In previous years, the Court released ... (click to view)
Editor's Note :
In previous years, the Court released orders the morning after the Court’s “Long Conference.” It has not done so this year. Beginning last Term, the Court consistently considered petitions at least two times before granting certiorari. To the extent that practice continues -- and there is no affirmative evidence the Court intends to drop it -- so we are again doubtful that certiorari will be granted in any cases today.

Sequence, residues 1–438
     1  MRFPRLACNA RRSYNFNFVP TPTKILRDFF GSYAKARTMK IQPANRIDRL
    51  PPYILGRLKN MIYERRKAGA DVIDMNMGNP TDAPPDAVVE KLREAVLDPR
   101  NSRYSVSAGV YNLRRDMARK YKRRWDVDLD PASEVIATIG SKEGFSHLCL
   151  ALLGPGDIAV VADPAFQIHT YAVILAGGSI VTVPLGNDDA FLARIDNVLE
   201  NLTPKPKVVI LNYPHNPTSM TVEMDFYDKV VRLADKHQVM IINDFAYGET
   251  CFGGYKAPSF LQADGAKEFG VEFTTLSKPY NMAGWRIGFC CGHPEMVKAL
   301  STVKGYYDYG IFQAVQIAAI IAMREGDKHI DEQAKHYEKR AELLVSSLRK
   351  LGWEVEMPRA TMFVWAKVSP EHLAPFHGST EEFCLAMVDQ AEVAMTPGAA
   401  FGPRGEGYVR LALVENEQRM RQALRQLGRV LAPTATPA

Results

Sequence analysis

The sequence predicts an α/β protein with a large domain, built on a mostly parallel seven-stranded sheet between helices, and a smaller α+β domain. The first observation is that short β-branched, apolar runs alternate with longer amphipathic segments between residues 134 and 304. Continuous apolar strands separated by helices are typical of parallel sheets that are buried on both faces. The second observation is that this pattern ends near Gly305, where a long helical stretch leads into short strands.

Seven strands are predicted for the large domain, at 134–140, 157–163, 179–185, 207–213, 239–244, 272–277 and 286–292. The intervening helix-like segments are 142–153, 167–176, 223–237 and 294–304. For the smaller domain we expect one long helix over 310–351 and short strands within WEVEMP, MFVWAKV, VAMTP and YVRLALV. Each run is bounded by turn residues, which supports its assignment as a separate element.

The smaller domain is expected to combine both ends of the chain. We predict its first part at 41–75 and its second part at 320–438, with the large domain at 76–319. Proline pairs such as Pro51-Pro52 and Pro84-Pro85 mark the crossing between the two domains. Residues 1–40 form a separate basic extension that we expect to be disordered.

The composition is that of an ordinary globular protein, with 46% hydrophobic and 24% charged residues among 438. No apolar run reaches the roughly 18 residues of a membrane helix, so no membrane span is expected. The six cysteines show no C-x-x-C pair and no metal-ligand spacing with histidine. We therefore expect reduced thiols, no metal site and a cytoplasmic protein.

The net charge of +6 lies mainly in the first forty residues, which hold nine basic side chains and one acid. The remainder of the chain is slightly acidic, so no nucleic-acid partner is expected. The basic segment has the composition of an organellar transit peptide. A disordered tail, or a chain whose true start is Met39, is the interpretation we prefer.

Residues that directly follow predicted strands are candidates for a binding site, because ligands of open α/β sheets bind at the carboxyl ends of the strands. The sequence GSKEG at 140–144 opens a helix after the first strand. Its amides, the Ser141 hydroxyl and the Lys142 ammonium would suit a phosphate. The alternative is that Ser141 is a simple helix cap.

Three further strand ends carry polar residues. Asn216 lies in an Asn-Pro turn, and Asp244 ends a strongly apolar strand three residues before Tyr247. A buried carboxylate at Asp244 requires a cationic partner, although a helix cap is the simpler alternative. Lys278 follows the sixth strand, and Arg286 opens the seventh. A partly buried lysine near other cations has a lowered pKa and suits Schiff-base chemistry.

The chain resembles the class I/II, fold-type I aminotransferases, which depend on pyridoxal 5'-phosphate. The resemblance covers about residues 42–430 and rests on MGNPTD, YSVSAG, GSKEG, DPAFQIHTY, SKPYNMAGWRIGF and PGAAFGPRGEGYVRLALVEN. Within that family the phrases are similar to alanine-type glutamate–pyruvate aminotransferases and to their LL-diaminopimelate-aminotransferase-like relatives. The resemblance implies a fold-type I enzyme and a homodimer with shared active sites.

Issue: (1) Whether the Oklahoma Court of Criminal Appeals erred when it created a split of authority amongst the lower courts by rejecting the universally-recognized limitations on the scope of this Court’s decision in Lamber v. California, which held that a defendant’s knowledge of an ordinance is constitutionally irrelevant except in a narrow class of convictions where the ordinance involves conduct that is “wholly passive” and conditions do not lead one to inquire about the existence of a regulation; and (2) whether the Oklahoma Court of Criminal Appeals’ decision holding that due process requires a statute to provide a means of individual notice conflicts with this Court’s holding in Texaco v. Short, which held in pertinent part that the notice requirement of due process only requires the legislature to enact the law, publish the law, and provide a period of time for people to become familiar with the law.